The reality is that ANA effectiveness is already suffering because of an inadequate number of competent leaders and staff officers from the kandak (battalion) through the Corps level. Growing the army too fast will only exacerbate this leadership deficit. However, where the ANA has had strong leadership, for example with the 3d Brigade, 201st Corps, they perform well, sometimes better than the coalition. There is untapped potential within the ANA, which we must leverage now to be decisive in our battle with the Taliban. However, it is not going to be achieved through its rapid expansion.
There is no doubt that we urgently need an expanded and more capable ANA. We also need the ANA to assume a greater role in the fight. That is because, until a larger more competent Afghan National Army assumes ownership of the security situation, a meaningful NATO withdrawal is off the table. Indeed a surge of Coalition troops alone may actually undermine popular support for the fight still further, reinforcing Taliban propaganda, which portrays the coalition as an occupying force. So how do we get the ANA to assume a greater role in the fight while rapidly and efficiently increasing their size?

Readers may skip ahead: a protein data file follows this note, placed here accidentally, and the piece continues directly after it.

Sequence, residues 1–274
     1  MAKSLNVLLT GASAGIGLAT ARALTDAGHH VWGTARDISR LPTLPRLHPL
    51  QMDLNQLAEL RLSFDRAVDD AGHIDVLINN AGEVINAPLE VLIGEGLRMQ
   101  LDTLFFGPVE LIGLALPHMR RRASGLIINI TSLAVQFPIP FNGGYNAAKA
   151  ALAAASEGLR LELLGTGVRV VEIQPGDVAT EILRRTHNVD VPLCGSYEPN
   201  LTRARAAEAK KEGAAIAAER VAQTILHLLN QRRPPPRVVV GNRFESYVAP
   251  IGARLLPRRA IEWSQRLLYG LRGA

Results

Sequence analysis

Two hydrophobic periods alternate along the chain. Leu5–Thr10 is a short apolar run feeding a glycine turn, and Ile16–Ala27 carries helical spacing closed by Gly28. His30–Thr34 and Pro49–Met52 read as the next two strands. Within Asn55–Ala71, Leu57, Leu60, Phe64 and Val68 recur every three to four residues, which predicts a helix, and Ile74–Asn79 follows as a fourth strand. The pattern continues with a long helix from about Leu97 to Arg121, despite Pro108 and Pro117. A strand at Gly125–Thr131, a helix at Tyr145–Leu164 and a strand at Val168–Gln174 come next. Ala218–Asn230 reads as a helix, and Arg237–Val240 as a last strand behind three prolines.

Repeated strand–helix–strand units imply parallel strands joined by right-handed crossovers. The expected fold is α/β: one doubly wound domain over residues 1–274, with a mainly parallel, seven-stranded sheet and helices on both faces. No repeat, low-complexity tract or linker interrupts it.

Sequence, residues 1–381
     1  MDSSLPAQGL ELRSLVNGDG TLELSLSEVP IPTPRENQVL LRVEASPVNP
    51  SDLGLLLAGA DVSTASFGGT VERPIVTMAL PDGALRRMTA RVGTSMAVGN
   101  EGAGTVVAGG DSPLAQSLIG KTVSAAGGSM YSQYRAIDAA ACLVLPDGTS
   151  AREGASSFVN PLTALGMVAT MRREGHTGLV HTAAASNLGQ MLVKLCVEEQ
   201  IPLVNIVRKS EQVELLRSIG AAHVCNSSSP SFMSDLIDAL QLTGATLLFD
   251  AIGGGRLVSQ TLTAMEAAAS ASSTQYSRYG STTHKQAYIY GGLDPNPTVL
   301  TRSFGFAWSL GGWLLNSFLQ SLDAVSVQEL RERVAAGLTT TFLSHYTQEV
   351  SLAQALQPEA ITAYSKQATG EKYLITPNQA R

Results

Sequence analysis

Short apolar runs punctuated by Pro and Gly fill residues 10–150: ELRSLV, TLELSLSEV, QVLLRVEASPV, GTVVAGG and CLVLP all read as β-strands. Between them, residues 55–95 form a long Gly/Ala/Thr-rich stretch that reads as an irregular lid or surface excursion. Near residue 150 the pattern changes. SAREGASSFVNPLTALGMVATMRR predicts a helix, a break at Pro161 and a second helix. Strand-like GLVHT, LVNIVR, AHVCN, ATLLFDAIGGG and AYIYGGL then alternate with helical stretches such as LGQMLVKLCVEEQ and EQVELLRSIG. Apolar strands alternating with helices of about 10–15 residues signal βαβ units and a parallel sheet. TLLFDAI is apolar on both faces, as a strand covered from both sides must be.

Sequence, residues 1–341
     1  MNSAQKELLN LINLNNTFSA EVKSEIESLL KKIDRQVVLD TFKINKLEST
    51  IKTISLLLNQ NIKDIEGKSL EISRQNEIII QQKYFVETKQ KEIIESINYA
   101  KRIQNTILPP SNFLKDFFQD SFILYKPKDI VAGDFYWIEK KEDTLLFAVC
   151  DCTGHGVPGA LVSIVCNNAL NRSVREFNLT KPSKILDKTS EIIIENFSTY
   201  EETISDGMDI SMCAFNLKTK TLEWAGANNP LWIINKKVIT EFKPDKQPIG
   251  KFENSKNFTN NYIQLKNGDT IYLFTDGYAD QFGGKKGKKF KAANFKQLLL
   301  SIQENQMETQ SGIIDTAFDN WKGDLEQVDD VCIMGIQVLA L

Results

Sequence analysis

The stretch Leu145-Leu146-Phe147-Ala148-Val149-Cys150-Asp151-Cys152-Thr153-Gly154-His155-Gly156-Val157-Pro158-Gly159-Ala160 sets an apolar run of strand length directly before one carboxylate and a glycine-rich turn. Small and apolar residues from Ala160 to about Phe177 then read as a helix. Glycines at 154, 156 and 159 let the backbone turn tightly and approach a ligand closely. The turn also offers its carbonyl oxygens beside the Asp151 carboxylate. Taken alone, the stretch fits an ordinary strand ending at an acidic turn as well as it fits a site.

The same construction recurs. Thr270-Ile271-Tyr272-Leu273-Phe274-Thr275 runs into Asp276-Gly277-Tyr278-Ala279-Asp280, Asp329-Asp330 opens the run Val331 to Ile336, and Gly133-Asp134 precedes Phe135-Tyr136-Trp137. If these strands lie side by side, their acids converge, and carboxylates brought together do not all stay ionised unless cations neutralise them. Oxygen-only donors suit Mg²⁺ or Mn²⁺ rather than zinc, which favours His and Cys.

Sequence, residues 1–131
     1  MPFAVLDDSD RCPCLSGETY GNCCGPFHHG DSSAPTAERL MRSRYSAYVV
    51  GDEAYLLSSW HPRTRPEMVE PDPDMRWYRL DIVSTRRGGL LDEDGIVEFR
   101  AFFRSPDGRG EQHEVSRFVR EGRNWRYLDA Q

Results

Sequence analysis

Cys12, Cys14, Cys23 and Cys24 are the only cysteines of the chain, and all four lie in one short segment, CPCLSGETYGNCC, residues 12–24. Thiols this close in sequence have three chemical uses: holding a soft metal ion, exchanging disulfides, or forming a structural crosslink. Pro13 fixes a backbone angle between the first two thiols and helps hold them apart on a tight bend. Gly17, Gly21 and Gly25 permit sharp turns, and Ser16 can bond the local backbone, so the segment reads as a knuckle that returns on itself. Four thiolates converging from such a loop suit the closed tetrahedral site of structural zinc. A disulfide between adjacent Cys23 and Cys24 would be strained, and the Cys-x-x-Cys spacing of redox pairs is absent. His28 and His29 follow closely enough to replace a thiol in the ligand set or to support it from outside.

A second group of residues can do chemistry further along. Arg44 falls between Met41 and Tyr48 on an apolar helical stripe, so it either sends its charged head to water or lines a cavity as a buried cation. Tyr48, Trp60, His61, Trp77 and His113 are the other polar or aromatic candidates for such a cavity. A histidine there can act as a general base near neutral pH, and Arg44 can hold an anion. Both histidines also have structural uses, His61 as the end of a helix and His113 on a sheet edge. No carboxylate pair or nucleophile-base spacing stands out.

The author concurs with the view expressed by Dr. Mark Moyar in his recent book A Question of Command that counterinsurgency is “leader-centric” warfare, a contest that will be won by whichever side has the best leadership in the field. We have been struggling in Afghanistan primarily because of weak Afghan leadership, in the ANA and even more so in the ANP. Although there are many competent commanders in the ANA, more are needed, especially in the event of rapid growth. As a recently published CSTC-A report has stated, “The most significant challenge to rapidly expanding the Afghan National Security Forces is a lack of competent and professional leadership at all levels, and the inability to generate it rapidly.”
Challenge — ANA command selection is based on ethnic bias and personal connections at the Corps, ANA General Staff, or MOD levels. This frequently leads to unfit officers assuming command. Officer accountability is extremely uneven, often due to favoritism or a fear of reprisal from above. Good leadership is impossible in an environment with this type of cronyism. Failure to enforce discipline on officers who have a “benefactor” contributes to a lack of trust between the leader and the led and inhibits operational effectiveness. This affects everything from officer leave allocation, to the distribution of fuel and supplies, to field orders.